“What does matter is that Led Zeppelin represents the rock ‘n’ roll you’re meant to believe in as a teenager. We’re naive to ignore the musical perfection and hungry enough to enjoy the feels. Consequence of Sound” Reading through reviews of LZII, I found this above quotation struck me most. You see, as a teen, I inherited my first record player. This was a monstrous four tiered Sony beast of a machine with a tape player, CD player, radio and turntable all in one. In truth this was the beginning of my life in music. When my Great Grandfather moved homes, I got the record collection. In this collection was LZII. I cannot count the amount of times I have heard this album since my teenage years but it is certainly up there as one of my favourites. LZ aficionados will readily tell you this isn’t LZ’s best work, and they might be correct academically, but this is my favourite of theirs, and my blog. Above all, rediscovering its brilliance has struck me harder than any other album this month.

Led Zeppelin II, which came out in October ’69, just nine months after its almighty, self-titled predecessor, must have benefited from the fast turnaround. The recording process was completed at different studios during the band’s near-constant touring in 1969, and maybe the reason it was so successful was the London group, while on the road, didn’t even have time to think about the hype they were building. With LZII, Led Zeppelin became Led Zeppelin, proving their essence at the same time. To speak cosmically about the matter: What happened was what was supposed to happen. Consequence of Sound

LZ consists of vocalist Robert Plant, guitarist Jimmy Page, bassist/keyboardist John Paul Jones, and drummer John Bonham. Each get their own moments to shine throughout the nine tracks on this album with solos seemingly coming from nowhere to entice and enthral the listener throughout. Produced by Jimmy Page, this is the first true flexing of LZ’s muscles and shows us what the band is truly capable of.


Like I listened to the break (Jimmy wrenching some simply indescribable sounds out of his axe while your stereo goes ape-shit) on some heavy Vietnamese weed and very nearly had my mind blown. Rolling Stone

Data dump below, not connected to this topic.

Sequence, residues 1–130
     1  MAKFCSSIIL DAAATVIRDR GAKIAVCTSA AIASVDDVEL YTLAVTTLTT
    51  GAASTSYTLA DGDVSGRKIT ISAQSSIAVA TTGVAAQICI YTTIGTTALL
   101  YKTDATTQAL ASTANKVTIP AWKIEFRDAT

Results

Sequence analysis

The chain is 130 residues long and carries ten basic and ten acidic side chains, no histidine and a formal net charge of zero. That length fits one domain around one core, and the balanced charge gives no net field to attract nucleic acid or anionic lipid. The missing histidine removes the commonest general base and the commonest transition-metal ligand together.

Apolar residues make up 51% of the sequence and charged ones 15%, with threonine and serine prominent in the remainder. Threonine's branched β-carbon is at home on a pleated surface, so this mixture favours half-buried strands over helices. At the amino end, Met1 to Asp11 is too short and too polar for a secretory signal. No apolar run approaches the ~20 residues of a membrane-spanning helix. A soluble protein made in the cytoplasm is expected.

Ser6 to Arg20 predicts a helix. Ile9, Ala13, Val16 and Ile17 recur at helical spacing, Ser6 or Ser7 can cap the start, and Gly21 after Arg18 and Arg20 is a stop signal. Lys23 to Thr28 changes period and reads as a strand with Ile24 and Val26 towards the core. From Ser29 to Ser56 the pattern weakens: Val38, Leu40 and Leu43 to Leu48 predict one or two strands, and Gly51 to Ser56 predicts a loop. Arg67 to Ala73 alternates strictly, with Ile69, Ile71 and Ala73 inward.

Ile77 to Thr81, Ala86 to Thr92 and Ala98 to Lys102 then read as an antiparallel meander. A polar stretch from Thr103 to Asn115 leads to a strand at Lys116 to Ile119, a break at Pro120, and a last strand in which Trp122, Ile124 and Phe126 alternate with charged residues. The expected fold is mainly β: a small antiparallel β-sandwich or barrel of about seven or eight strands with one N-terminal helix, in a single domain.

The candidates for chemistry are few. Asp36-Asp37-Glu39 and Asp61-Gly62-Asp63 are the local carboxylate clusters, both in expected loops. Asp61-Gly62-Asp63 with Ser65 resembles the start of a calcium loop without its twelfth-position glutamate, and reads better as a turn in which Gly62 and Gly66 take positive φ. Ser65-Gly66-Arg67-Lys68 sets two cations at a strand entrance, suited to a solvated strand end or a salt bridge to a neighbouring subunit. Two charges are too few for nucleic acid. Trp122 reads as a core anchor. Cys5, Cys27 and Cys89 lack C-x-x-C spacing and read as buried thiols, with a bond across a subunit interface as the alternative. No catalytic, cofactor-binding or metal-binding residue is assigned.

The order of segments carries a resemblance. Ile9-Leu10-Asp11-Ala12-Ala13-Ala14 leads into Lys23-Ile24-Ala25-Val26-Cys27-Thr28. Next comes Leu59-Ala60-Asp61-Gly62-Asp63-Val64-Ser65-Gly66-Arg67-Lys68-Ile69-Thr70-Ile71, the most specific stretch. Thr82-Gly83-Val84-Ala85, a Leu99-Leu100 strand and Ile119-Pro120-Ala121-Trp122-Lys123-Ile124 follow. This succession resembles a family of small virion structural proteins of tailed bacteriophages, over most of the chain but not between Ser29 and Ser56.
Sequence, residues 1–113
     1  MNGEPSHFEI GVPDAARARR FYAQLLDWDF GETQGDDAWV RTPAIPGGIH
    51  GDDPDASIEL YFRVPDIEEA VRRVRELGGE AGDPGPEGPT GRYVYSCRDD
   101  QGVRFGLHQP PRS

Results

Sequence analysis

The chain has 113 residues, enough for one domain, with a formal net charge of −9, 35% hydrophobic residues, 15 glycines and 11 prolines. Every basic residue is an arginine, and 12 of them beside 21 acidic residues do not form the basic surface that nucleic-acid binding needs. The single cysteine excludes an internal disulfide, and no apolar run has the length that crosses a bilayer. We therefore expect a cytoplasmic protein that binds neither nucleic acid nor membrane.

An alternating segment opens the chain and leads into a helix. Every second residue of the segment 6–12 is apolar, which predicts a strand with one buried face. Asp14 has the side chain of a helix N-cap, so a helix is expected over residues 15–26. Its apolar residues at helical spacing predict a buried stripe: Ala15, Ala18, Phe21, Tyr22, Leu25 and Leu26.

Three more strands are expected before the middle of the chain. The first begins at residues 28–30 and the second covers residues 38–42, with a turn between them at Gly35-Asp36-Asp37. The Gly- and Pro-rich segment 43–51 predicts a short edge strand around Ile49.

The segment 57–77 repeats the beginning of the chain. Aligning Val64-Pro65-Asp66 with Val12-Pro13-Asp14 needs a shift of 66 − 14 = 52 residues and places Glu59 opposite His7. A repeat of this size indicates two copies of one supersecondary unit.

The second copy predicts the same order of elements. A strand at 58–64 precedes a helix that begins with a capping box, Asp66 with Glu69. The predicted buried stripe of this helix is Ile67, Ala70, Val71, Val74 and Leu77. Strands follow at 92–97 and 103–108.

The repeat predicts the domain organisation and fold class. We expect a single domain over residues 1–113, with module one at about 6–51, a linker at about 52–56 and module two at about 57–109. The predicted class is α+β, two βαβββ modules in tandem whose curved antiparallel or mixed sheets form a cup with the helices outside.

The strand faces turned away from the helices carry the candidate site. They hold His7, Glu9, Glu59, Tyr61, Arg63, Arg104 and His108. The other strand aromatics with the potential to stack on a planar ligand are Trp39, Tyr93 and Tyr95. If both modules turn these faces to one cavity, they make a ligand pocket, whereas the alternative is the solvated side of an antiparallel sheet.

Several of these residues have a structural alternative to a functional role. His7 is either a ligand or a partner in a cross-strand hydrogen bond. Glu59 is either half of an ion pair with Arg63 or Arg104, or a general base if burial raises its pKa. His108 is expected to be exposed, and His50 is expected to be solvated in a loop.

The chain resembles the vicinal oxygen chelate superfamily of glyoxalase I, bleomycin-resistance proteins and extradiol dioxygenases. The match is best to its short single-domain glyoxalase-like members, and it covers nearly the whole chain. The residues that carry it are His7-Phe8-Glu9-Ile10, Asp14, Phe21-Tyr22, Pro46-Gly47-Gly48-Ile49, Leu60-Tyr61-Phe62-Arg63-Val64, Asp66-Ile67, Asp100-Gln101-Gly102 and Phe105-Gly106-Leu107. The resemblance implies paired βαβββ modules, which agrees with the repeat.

While I did not have the luxury of “heavy Vietnamese weed”, or indeed any of the other narcotics John Mendelsohn then goes on to describe he was on while listening to this track, I was similarly amazed. Page’s solo, introduced by Bonham’s teasing drums and Page’s shrieking in line with swelling guitars, is difficult to comprehend and ties together a seamless rock anthem which is now instantly recognise-able as one of LZ’s crowning jewels.

The Lemon Song, while featuring some questionable lyrics (“Squeeze my lemon, till the juice runs down my leg”), this may be my favourite on the album. One can recognise the lemon’s phallic symbolism here as being rooted in the blues which preceded LZ. Indeed Willie Dixon did sue LZ for Bring It on Home, LZII’s closing track. This was a blatant cover of a Sonny Boy Williamson blues song of the same name, written by Willie Dixon. But back to the Lemon Song, watch out for the glorious Page/ Bonham solo in the middle which once again, comes out of nowhere and builds to a magnificent crescendo. Listen also for Jones’ impossibly great bass sustaining this track gloriously. For cross reference, listen to the following tracks:

  • Killing Floor – Howling Wolf
  • Traveling Riverside Blues – Robert Johnson


Living Loving Maid is another. “Alimony, alimony, paying your bills”. This track is perhaps a bit repetitive but certainly sets the mood for what is to come and is danceable to a T. It is also described as ‘eternally hummable’.

For every young person who discovers “Whole Lotta Love” and “Heartbreaker” and “Living Loving Maid (She’s Just a Woman)”, there’s an older person who gets sick of them from overplay and doesn’t need to ever hear them again. Pitchfork

Ramble on is another highlight. The riff that keeps riffing. Watch out for the Lord of the Rings reference bid song. My final highlight is the instrumental Moby Dick, which showcases Bonham’s genius drumming in the same way as the closing track on Cream’s Fresh Cream, Toad, showcased Ginger Baker’s drumming prestige.

Overall, this is a remarkable album which holds very fond memories for me and I hope it will be able to deliver these to you also, in these trying times.